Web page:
t’s been 12 years since Congress passed the Dodd-Frank Act, the largest Wall Street reform in American history. The effects of the bill have been far-reaching, but one key part, Section 1033, has been on hold all this time.
The provision was meant to provide marching orders to banks and fintech firms looking to share data and grow their businesses by providing new digital services to customers, like budgeting software and online bill pay. Instead, it prolonged years of squabbling and competition between banks, fintech companies, and consumer advocacy groups, which couldn’t agree on how rules stemming from Section 1033 needed to be written. At stake was control over customer data, the ability to ensure secure online transactions, and a chance to shape a new era of digital banking.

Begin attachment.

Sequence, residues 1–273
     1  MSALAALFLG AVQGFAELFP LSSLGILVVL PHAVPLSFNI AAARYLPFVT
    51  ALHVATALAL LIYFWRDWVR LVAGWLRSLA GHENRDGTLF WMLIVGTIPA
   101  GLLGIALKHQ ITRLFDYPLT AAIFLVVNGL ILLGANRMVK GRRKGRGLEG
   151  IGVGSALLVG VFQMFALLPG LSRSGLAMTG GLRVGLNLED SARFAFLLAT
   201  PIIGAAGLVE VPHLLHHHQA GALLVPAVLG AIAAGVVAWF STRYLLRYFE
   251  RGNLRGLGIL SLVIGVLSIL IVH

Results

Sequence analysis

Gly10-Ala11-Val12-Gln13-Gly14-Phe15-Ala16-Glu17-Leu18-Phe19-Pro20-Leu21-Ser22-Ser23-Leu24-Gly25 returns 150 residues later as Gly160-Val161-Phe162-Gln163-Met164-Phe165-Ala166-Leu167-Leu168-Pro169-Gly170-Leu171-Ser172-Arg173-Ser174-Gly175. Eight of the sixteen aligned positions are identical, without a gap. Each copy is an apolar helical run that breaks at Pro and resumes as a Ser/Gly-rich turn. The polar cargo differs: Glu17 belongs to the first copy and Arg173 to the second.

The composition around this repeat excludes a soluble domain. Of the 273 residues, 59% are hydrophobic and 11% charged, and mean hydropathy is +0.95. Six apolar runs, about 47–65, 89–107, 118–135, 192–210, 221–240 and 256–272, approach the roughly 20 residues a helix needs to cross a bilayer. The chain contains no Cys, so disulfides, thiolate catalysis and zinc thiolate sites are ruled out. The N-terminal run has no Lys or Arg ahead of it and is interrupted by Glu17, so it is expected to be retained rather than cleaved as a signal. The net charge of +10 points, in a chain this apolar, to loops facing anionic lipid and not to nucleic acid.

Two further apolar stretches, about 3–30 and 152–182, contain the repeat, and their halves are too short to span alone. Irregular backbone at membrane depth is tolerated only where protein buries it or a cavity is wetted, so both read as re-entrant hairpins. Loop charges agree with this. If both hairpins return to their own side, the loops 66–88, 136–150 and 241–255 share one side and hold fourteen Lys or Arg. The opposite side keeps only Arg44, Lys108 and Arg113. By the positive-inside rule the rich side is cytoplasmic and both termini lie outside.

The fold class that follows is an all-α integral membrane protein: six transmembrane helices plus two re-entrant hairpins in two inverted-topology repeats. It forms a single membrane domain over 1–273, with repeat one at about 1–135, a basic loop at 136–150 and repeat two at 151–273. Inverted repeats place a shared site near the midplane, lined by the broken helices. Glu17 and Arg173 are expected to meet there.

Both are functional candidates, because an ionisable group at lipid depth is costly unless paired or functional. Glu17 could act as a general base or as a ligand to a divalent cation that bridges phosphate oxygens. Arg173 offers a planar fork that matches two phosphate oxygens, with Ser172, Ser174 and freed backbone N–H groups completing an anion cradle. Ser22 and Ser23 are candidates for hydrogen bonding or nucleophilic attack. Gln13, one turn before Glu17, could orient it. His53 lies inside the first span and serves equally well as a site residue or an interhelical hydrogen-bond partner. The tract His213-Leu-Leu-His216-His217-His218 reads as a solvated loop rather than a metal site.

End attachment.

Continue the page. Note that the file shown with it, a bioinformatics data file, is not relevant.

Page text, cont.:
Now, finally, an end appears to be in sight. The Consumer Financial Protection Bureau, the agency tasked with rulemaking under Section 1033, has signaled that the issue will go before its small business review panel before the end of the year.
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